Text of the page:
GM Collected 90,000 Volunteering Users' Radio Preferences for Marketing Insight
The Detroit-based automaker managed to collect the listening habits of 90,000 users and hopes to use that data to match their preferences.
Automakers, like any other company aiming to understand their customers better and thereby increase or generate new revenue streams, are aware of how valuable it can be to know what their consumers actively like and listen to. Since there are circa 10 million 4G LTE WiFi vehicles that are capable of processing speed, gas consumption, tire pressure, and radio listening habits, collecting this insight was merely a matter of user agreement.
GM was able to garner nearly a hundred thousand opt-in volunteers to do so, with the experiment lasting from November 2017 through January of this year. The automaker used its digitally-enabled vehicles in Los Angeles and Chicago to glean this priceless, radio-centric user data. By using AM, FM, and digital XM audio feeds, the company intends to match corresponding radio channels with the collected user behavior.
The subject was discussed by Saejin Park, GM’s director of global digital transformation, at the Association of National Advertisers’ (ANA) 2018 Data & Measurement Conference.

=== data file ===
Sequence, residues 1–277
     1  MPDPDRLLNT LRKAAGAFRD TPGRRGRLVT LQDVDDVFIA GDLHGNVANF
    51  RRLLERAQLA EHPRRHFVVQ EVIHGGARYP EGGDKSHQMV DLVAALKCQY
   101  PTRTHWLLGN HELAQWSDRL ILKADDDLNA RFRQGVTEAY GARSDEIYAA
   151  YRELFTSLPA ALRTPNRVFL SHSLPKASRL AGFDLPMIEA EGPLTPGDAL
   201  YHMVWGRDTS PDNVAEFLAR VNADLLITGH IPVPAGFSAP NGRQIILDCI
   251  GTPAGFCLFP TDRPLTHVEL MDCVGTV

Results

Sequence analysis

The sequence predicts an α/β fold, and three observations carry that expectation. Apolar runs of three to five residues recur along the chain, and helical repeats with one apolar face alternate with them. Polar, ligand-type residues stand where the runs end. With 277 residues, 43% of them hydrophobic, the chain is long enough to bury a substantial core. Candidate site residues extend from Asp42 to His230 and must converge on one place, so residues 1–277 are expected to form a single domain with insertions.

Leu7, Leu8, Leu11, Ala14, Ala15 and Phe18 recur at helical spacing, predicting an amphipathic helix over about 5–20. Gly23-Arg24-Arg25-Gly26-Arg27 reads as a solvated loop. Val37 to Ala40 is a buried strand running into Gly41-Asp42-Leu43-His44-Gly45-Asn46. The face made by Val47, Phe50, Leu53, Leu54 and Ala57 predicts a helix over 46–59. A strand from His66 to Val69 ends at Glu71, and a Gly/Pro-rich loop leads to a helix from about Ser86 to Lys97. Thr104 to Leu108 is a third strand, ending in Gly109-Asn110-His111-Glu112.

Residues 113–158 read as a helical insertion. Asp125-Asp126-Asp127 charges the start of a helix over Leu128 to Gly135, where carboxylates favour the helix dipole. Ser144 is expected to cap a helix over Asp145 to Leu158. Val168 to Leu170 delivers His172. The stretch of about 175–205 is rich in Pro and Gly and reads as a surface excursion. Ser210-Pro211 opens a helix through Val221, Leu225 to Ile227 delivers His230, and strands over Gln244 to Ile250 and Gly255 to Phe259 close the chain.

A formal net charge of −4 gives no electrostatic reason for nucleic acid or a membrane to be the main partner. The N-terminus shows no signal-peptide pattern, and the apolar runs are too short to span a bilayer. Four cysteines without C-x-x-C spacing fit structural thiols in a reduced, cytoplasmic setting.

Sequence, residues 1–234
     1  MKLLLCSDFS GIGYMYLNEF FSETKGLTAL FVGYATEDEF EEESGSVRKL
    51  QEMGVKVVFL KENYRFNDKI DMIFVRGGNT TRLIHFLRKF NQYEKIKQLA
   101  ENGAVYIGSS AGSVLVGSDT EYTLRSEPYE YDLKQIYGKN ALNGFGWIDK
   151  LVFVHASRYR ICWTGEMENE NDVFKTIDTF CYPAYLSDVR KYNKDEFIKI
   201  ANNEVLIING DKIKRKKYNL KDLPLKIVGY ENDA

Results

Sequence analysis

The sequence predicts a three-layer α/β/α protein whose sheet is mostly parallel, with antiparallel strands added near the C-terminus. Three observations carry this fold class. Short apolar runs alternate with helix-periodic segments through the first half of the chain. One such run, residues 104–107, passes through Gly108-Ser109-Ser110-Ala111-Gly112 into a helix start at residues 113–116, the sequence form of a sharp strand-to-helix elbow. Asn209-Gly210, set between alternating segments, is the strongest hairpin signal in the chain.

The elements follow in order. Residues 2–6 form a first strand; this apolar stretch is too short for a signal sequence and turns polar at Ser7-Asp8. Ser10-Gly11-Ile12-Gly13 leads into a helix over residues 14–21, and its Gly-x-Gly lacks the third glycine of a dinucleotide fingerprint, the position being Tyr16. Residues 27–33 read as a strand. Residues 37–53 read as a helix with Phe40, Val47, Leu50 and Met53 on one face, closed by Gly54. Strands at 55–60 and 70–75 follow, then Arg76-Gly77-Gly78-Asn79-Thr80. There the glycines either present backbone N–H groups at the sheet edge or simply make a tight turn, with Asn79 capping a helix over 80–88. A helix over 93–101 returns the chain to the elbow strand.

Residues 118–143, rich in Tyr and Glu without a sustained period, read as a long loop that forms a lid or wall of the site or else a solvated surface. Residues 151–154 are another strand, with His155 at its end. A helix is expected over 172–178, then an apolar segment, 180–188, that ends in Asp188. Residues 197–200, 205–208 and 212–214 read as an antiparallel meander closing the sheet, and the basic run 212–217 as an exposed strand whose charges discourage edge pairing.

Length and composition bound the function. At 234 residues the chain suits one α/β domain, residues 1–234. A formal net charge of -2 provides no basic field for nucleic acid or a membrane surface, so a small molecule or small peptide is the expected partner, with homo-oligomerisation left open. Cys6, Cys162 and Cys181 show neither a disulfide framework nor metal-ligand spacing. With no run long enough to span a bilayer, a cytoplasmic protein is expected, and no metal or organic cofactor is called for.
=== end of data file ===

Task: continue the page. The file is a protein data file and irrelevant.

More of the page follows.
“The radio industry and the car industry have been existing side by side…But, really, there hasn’t been that much interaction between the two,” said Park. “We decided to collect the radio listening data on 90,000 vehicles. We can tell if they listened to it to the end. Or, in the middle of the commercial, did they change it to another station?”
Additionally, Park explained that certain vehicles immediately indicated what sort of radio feeds they were more likely to prefer. For instance, the owner of a Cadillac Escalade “might be more likely to listen to 101.5. But someone else might be driving a GMC Yukon—same-sized vehicle, but a different brand—would be more likely to listen to 101.1. And you can start testing by sending them different kinds of advertising to see some kind of behavior in the patterns.”
The collected findings from this dataset will be analyzed by GM’s marketing department, in order to provide a more customized service for its consumers and satisfy their preferences.
“It’s natural for us to reach out to our friends in the Cadillac or Chevrolet [divisions] and their agencies,” Park explained. “We’re looking for ways to use these kinds of datasets. It’s a complicated, complex problem and I don’t know what the answer is. But GM is really interested in finding out what the potential path could be.”
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